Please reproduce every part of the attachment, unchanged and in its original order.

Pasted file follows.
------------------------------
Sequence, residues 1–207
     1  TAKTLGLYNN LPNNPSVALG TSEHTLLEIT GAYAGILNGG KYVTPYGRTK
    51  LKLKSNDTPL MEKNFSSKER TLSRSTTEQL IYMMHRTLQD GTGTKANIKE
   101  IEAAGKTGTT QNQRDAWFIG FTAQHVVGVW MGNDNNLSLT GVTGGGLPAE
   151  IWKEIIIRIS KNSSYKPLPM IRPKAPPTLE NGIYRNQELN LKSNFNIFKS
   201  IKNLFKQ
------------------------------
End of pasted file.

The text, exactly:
Sequence, residues 1–207
     1  TAKTLGLYNN LPNNPSVALG TSEHTLLEIT GAYAGILNGG KYVTPYGRTK
    51  LKLKSNDTPL MEKNFSSKER TLSRSTTEQL IYMMHRTLQD GTGTKANIKE
   101  IEAAGKTGTT QNQRDAWFIG FTAQHVVGVW MGNDNNLSLT GVTGGGLPAE
   151  IWKEIIIRIS KNSSYKPLPM IRPKAPPTLE NGIYRNQELN LKSNFNIFKS
   201  IKNLFKQ